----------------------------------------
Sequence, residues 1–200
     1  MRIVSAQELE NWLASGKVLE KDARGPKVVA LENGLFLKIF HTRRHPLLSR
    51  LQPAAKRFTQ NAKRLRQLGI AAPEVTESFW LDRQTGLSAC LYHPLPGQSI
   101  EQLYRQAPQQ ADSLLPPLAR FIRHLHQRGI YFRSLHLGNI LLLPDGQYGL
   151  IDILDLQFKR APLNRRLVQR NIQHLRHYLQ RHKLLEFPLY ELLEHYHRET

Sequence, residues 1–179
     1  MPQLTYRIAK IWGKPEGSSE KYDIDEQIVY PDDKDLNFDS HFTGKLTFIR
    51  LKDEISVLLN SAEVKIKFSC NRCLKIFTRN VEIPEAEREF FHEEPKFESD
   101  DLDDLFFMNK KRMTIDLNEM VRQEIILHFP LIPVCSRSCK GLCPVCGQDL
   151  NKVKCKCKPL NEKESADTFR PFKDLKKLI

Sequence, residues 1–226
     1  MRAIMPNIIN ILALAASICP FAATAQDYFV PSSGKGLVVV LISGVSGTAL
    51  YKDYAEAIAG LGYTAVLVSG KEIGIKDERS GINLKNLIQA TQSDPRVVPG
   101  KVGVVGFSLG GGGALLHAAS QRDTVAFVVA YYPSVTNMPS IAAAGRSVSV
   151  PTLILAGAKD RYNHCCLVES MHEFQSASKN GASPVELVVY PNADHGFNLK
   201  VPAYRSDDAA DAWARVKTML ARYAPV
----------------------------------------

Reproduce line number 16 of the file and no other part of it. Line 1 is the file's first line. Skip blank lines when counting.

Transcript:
   201  VPAYRSDDAA DAWARVKTML ARYAPV